fly fishing acronyms

Return to Top, Wader belt - an adjustable belt cinched near the top of chest waders to keep out water, particularly recommended as a precaution to the waders filling up with water in the event of a fall. This technique allows a fly angler to false cast a shorter segment of line and then only at the time of the final forward cast to bring a longer segment of line into play. Strike - the action of a fish in trying to eat a fly.

I am quite convinced that fly-fishing makes a man too gentle. Palming - a term referring to the use of the palm of the hand against the spool edge of a rimless fly reel as a means of applying drag against the release of line in fighting a fish. Antelope, deer, and elk all have hollow hair. Headwaters - upstream section of the river before the main tributaries join it. Larva - the immature, aquatic, growing stage of the caddis and some other insects.

Roget's 21st Century Thesaurus, Third Edition Copyright © 2013 by the Philip Lief Group. To help eliminate some of that confusion of the terms used commonly by fly fishermen, I’ve compiled the following list of some of the more often used fly fishing terms. Multiplying reels use a gear system to increase this ratio (usually, 2-to-1). Used in fly tying, often for parachute posts and wings on dry flies.

Forward Cast - the front portion of the false cast or pick-up and lay-down, and a mirror image of the back cast. Adult - the winged stage of aquatic insects; reproductive stage. Line dressing - an old term carried over from the days of silk fly lines referring to the oily substances applied to clean and increase buoyancy. Shooting Taper - ST or Shooting Head - a short single tapered fly line, shooting heads are designed for longest casts with minimum effort; shooting heads allow quick change of line types (floating, sinking, sink-tip, etc. Return to Top, Lanyard - a device to which an item is "tethered" so that it is close by when needed; e.g., glasses. Hair stacker - small tube which is used to level a bunch of hair, usually deer hair.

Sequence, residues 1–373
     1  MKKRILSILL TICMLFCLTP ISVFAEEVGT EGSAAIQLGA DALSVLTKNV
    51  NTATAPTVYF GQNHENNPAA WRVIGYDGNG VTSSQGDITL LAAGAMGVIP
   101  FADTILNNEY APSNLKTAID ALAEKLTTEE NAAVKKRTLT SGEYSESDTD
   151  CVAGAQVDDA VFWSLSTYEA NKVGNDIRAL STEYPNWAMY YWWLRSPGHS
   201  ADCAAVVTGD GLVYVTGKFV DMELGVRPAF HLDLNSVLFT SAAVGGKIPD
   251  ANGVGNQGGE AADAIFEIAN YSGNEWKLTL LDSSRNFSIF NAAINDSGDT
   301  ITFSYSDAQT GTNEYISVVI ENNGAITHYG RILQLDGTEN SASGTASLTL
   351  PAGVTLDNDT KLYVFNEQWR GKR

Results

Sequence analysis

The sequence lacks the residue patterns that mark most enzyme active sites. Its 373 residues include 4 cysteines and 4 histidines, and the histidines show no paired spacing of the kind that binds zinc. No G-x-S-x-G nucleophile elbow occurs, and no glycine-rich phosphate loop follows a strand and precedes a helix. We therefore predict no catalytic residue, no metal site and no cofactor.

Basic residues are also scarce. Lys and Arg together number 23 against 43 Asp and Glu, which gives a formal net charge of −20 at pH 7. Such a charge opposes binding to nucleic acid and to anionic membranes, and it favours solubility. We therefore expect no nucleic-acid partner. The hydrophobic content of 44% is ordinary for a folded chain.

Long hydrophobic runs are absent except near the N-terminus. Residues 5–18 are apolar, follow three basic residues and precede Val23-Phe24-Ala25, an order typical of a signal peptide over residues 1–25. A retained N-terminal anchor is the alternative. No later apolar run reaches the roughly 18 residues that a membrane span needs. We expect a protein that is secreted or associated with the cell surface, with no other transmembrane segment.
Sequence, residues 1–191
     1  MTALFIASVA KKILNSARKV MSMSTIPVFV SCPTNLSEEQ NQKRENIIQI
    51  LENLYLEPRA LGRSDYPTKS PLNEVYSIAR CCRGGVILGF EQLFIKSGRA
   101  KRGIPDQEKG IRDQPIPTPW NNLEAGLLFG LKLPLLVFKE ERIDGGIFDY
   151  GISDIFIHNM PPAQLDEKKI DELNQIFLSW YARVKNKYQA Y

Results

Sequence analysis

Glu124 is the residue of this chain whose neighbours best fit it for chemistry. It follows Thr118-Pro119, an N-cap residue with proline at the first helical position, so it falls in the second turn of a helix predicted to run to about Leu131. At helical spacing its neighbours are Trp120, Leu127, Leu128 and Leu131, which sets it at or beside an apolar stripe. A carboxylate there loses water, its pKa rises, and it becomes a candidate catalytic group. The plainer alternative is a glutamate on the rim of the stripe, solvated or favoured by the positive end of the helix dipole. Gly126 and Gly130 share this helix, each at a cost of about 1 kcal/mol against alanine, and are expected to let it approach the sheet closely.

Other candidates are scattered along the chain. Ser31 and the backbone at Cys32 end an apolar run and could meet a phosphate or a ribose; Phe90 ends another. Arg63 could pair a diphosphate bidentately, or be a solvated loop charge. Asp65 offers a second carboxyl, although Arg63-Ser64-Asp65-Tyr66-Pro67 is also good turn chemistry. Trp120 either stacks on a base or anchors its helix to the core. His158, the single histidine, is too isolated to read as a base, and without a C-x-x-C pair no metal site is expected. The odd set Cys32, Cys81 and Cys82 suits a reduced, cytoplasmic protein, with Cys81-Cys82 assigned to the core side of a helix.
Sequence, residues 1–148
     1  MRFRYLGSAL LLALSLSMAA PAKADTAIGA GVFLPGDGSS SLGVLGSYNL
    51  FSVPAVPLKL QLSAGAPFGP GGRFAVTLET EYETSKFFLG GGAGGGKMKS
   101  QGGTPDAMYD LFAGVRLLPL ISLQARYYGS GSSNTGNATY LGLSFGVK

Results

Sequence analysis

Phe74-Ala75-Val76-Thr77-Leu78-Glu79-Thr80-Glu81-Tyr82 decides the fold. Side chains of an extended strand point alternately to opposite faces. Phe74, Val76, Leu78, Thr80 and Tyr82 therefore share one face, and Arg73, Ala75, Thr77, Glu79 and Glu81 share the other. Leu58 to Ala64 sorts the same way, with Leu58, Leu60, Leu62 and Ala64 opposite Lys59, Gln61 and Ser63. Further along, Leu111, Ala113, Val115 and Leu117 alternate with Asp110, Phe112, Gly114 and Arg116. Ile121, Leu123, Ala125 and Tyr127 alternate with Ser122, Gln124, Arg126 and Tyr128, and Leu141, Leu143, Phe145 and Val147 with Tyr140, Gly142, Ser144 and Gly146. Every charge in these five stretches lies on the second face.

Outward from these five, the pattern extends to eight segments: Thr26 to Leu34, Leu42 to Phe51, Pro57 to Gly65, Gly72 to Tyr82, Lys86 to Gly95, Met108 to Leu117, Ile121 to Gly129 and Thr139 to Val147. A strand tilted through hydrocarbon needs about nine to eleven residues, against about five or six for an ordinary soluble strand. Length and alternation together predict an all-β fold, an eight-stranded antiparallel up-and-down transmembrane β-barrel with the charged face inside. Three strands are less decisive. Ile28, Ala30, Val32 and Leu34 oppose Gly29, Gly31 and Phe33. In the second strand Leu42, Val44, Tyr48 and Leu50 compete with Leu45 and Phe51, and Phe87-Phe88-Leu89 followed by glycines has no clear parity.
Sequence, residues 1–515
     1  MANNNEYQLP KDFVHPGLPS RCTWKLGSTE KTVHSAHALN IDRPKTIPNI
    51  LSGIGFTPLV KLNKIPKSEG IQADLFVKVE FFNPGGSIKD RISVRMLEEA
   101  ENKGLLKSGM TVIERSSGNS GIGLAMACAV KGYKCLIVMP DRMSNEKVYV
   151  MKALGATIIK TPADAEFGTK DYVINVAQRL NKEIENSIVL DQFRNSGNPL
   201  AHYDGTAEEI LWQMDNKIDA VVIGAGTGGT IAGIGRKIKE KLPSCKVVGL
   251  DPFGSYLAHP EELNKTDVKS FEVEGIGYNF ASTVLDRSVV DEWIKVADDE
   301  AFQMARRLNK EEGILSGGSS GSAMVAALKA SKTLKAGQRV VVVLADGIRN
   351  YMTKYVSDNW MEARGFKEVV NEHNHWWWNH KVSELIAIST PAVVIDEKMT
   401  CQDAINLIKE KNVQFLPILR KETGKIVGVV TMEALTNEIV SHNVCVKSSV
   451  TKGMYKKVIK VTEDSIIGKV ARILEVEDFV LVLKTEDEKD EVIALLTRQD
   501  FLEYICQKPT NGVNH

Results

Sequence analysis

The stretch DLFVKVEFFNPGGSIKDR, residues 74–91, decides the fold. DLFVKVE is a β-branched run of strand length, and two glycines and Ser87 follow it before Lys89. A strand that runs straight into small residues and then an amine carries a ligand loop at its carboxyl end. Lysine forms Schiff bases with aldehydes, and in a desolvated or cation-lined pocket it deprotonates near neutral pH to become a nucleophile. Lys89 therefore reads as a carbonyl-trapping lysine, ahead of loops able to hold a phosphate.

For example: if a cast is across the flow of the stream and the fastest part of the current is on your side, the mends would typically be made upstream to slow the line down so it keeps pace with the fly traveling in the slower current across from you. We hope this section enables and encourages you to become a fly tyer, or to enhance your fly tying skills. Also referred to by some as a bodkin. Elk Hair - hair from elk which is used in many fly patterns to supply body and floatation. Tinsel - a thin silver, gold or brass-colored ribbon used in adding shine ton flies, often as ribbing or for fly bodies. Ferrule - a collar that is found at the point where sections of a fly rod are joined. Return to Top, Vest - a fly fisher's wearable tackle box; numerous styles available; particularly important in wading situations. The end of one section fits inside the end of another, in an overlapping fashion at the ferrule. Looking for abbreviations of TSFF?

“Majority” vs. “Plurality”: What Their Differences Mean For This Election. Return to Top, Eddy - a section of water that is less disturbed than the surrounding water, found for example on the edge of a current or where two streams converge. A widely distributed genus of mayflies typically found in sizes 16 to 22. Wading staff - a walking stick especially adapted to provide stability to a wading fly angler when moving through fast or deep water. Spinner - the egg laying stage of the mayfly; overall not as important to the fly fisher as the dun stage; (see mayfly and dun). Indicator - floating object placed on the leader or end of the fly line to "indicate" the take of the fly by a fish or to indicate the path of the drift of the fly; used when nymph fishing with a slack line; very effective. Cast the fly downstream and across, and then swim it across the current. Lie - areas in a river or lake where fish hang out, commonly well-located because they are out of the main current, present cover from predators or provide a good source of insects and other food. Blood Knot - the most widely used knot for tying two pieces of monofilament with similar diameters together; the best knot for construction of a knotted tapered leader; also called the barrel knot.

Return to Top, Imitator - a fly to imitate the real insect

Cast - the action of the line as it is pushed by the rod - also the line used as the leader. Redd - a hollow scooped in the sand or gravel of a riverbed by breeding trout or salmon as a spawning area. Most dry fly and nymph patterns imitate this insect. Line weight - the weight of the first 30 feet of a fly line, used as a way to standardize fly lines in matching them to fly rods of differing stiffness. Mylar - metallic plastic available in sheet or plaited tube form.

Beads come in many materials, such as brass, nickel, plastic, ceramic, and tungsten. Fly Reel - fishing reel used in fly fishing to hold the fly line.